KBzine: the original kitchen and bathroom industry e-news - since 2002
25th May 2020
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Tilted toilet seat aims to improve business efficiency
Latest Industry research suggests that an average person spends around 25% greater time in workspace lavatories then necessary and it is estimated that in the UK alone, extended employee breaks cost industry and commerce £4billion per annum.
Standard Toilet says its new toilet design can help increase business efficiency and profits through reductions in social media usage and reduced time spent texting during office hours, by encouraging staff to spend less time sat on the toilet. Another advantage is, potentially, reduced queuing for public facilities, such as in commercial shopping malls and train stations.
The toilet bowl has been in existence since the 16th century and its basic design has not really changed, although what people do when using it, has. In modern times, the workplace toilet has for many become private texting and social media usage space.
Current toilet seats provide a horizontal seating surface. This enables a user to sit relatively comfortably on the toilet for long periods. As a result, a user may spend longer than necessary sitting on the toilet without short-term discomfort.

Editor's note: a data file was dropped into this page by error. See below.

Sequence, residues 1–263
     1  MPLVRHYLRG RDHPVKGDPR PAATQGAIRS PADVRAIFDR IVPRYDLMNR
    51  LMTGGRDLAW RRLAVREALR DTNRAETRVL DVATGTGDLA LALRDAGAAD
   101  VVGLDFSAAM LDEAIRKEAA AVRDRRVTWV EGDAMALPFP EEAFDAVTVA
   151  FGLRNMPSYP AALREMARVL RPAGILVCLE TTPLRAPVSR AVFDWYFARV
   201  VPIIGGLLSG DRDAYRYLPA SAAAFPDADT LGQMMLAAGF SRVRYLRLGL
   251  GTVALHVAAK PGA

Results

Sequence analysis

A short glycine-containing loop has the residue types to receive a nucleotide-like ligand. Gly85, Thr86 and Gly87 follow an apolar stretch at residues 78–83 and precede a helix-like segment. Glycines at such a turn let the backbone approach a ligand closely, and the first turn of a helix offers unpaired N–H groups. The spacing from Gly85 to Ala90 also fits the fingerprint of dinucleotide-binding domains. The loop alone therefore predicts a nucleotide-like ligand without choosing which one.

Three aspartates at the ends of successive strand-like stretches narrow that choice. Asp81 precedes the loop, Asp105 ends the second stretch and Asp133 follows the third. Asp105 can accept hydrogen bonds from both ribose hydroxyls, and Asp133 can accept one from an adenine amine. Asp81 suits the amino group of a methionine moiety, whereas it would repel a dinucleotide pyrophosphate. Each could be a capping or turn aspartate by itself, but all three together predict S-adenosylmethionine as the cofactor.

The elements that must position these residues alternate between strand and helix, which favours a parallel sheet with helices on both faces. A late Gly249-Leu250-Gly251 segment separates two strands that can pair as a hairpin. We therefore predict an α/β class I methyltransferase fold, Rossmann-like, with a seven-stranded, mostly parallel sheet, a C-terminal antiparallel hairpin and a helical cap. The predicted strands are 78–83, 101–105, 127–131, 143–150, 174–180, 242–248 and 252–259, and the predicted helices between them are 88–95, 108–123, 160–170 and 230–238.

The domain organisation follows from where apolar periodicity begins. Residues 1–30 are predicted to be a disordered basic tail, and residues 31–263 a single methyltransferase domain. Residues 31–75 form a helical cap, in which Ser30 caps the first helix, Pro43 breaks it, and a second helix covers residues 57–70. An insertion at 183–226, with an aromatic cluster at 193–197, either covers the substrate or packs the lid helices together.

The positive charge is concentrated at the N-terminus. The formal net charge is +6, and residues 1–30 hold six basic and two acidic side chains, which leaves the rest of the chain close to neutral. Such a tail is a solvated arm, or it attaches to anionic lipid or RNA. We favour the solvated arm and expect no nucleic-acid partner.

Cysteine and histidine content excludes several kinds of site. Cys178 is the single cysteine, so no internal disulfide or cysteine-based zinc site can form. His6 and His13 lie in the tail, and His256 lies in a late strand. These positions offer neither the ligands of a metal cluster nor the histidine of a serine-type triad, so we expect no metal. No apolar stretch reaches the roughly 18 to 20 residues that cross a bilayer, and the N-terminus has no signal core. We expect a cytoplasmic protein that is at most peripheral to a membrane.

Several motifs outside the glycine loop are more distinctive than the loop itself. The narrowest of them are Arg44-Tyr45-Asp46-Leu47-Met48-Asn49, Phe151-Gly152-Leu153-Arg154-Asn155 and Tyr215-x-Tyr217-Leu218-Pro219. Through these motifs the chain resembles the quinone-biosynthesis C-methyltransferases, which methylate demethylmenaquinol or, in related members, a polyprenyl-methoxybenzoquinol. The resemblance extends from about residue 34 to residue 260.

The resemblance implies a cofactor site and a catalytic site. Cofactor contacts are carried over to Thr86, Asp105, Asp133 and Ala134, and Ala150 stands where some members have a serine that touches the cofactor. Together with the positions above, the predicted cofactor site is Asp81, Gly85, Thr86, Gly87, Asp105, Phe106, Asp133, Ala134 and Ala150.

Designed to be used for both floor and wall-mounted WCs, Standard Toilet's seat is anything but standard. It slopes forward at an angle of between 11 and 13 degrees and thus changes the position of whoever is sat on it, making the whole experience less comfortable and thus encouraging a speedier evacuation!
The manufacturer also cites health reasons, saying that medical studies have suggested that using the traditional WC can cause swollen haemorrhoids and weakening of pelvic muscles. It suggests that the new design of seat could reduce musculoskeletal disorders and actually increase comfort through promoting the engagement of upper leg muscles, including rectus femorus, vestus lateralis, vastus medialus, and lower leg muscles, namely gastrocnemius & soleus.
A global, all-encompassing patent covering a much wider possibility of sloping angles, is pending.
20th December 2019